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Blahness of Hood makes you quiver
Russell Crowe in 'Robin Hood.' - photo by Universal Studios

‘Robin Hood’
Starring: Russell Crowe, Cate Blanchett, Max von Sydow, William Hurt, Mark Strong, Oscar Isaac, Danny Huston
Rated: PG-13 for violence including intense sequences of warfare, and some sexual content
Running time: 140 minutes
Bottom line: An epic-sized chalice of "meh"

Can Robin Hood’s wooden arrows pierce Iron Man’s armor? Doubtful.

Box office futures look good for "Iron Man 2," because "Robin Hood" should barely make a dent in the superhero’s breastplate.

The tagline for this "Robin Hood," which seems like the hundredth telling of the legend, promises to reveal the "Untold Story of How the Man Became a Legend." What, did they find a lost manuscript or something? Actually, that’s one level on which the film delivers, because this is definitely a new version of the Robin Hood story.

Our hero is actually named Robin Longstride (Russell Crowe), and he begins as an ace archer in King Richard the Lionheart’s army. Richard (Danny Huston) and his troops are ransacking their way home from the Crusades, when Robin and a few fellow soldiers, Will Scarlet (Scott Grimes), Little John (Kevin Durand) and Allan A’Dayle (Alan Doyle), are punished for insubordination. Of course, you know who they become.

After an arrow kills the King, Sir Robert Loxley (Douglas Hodge) and a small entourage are charged with returning the crown to England. But an English traitor named Godfrey (Mark Strong) and his men attack Loxley and company, killing them all. Robin and his merry-men-in-the-making come upon the ambush, and with his last breath, Loxley asks Robin to return his sword to his father.

Robin and his men return the crown to London, then proceed to Nottingham, where they return the sword to the blind and frail Sir Walter Loxley (Max von Sydow) and Sir Robert’s widow, Lady Marion (Cate Blanchett).

Some versions of the Robin Hood legend portray him as a commoner, while others say he was an aristocrat who became an outlaw when his land was wrongfully taken. This incarnation of the legend tries to have it both ways.

Robin Longstride was of common birth, but Sir Walter asks Robin to pose as his noble son in order to defend the village from the despotic rule of the newly coronated King John (Oscar Isaac) and the Sheriff of Nottingham (Matthew Macfadyen).

Confused yet? You’re not alone.

This movie wildly over-reaches as the legend of the Merry Men bloats into a war epic. This is apparently the story of how Robin became a national military hero before becoming a class hero?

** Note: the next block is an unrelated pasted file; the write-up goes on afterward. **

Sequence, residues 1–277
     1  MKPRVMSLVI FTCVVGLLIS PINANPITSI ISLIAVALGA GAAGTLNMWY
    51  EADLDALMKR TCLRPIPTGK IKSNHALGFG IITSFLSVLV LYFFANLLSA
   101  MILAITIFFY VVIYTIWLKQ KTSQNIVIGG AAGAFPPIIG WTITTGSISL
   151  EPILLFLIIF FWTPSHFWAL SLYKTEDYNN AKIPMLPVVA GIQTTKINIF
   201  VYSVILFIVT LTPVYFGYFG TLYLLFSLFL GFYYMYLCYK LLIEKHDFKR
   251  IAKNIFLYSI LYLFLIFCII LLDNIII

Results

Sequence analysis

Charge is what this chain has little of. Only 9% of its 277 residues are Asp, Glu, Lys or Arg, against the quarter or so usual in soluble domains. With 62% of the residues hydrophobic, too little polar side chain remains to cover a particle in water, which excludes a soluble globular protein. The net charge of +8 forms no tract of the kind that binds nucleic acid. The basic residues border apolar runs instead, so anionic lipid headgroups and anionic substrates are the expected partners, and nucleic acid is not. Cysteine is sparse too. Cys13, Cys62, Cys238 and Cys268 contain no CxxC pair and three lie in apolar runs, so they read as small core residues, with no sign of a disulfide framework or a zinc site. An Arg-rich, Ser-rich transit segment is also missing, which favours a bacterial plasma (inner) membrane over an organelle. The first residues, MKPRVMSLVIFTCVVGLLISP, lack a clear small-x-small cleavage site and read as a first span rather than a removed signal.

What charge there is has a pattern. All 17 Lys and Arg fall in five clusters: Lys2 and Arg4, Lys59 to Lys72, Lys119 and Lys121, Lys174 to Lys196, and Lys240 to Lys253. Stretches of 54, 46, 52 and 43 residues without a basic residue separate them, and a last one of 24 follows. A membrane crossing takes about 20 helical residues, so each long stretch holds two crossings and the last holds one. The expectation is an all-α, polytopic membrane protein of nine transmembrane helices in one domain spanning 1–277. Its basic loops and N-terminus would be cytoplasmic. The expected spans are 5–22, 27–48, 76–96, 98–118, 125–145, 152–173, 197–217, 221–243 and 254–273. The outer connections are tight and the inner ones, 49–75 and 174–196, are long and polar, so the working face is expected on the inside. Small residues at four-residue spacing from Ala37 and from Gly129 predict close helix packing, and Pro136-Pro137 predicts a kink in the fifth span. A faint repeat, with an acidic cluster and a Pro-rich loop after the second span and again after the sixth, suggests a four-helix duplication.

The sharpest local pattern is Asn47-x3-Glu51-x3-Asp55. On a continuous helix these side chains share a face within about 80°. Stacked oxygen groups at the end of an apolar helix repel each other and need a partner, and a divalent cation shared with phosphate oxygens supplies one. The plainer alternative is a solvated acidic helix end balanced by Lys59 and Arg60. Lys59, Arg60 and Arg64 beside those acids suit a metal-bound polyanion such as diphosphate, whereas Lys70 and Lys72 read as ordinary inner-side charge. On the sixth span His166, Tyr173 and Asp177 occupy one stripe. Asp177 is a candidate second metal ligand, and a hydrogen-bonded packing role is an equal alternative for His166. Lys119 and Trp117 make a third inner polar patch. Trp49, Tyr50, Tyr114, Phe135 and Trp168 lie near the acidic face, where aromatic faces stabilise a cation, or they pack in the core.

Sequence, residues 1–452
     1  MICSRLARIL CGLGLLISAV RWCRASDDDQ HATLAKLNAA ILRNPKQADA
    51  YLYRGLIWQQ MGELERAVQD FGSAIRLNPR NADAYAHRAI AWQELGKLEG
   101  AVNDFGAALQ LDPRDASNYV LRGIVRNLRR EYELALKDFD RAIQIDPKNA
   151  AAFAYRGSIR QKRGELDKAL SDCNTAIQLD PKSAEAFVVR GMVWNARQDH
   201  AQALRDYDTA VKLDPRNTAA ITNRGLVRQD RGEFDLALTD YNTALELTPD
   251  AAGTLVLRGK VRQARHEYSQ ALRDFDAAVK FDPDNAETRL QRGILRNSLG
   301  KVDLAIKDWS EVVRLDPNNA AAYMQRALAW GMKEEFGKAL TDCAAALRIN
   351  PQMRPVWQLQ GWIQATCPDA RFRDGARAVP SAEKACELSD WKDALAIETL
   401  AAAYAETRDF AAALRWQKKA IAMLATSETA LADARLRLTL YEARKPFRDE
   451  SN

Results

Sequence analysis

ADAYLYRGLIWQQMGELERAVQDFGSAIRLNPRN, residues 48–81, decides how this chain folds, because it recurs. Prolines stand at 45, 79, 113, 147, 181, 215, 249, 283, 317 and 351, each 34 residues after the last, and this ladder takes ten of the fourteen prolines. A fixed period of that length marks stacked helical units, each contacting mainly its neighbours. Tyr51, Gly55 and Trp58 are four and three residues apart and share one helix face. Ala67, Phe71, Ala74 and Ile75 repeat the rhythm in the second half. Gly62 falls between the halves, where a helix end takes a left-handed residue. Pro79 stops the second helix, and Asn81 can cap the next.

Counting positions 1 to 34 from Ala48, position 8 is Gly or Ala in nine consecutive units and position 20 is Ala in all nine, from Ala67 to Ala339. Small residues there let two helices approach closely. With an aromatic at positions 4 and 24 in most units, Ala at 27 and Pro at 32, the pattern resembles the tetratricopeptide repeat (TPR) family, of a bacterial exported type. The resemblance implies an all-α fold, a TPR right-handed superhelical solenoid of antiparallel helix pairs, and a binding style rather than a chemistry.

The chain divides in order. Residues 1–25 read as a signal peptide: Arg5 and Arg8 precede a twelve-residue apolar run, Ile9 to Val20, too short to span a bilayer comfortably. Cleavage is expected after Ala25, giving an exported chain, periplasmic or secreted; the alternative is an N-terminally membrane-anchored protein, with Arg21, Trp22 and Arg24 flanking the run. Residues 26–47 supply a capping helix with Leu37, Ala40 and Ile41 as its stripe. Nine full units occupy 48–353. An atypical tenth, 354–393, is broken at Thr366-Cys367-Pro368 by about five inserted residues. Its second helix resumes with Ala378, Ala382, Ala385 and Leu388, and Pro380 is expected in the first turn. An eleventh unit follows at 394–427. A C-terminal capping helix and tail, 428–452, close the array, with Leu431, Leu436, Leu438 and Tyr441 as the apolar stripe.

Obviously, you history buffs shouldn’t even bother with this one.

The movie is all patchwork, a hodgepodge of familiar plot devices. The Merry Men (who add desperately needed fun) defend the village á la "Seven Samurai" and any number of Westerns. Robin substitutes for a fallen fellow soldier, like in "Sommersby," "Brothers," etc. When the French army eventually attacks, they storm the beach, and the movie suddenly looks just like "Saving Private Ryan."

"Robin Hood" isn’t terrible. More than anything, it’s frustrating. One scene draws us in, then the next pushes us away.

The battle sequences are exciting and slick while avoiding the nausea-inducing camerawork and editing of many recent action films. At 81, von Sydow still steals scenes, and the other performances are all either strong or competent.

But wedged between those positives are a quiver full of embarrassing scenes and plot turns. By the time the movie hits its climax, it has deteriorated into absurdity. I laughed at what is supposed to be the most emotional moment because it was so forced and over-the-top. This movie is 140 minutes long and feels like it. Robin isn’t even declared an outlaw until two hours in.

The buzz around "Robin Hood" is minimal to nonexistent, and it’s easy to understand why. As we’d expect from such a talented cast and crew, it’s a capable film with several thrilling scenes.

But by the time we lumber through a ridiculous third act, we leave the theater feeling like our hard-earned money has been stolen, and we are none the richer.

Jeff Marker is a media studies professor at Gainesville State College.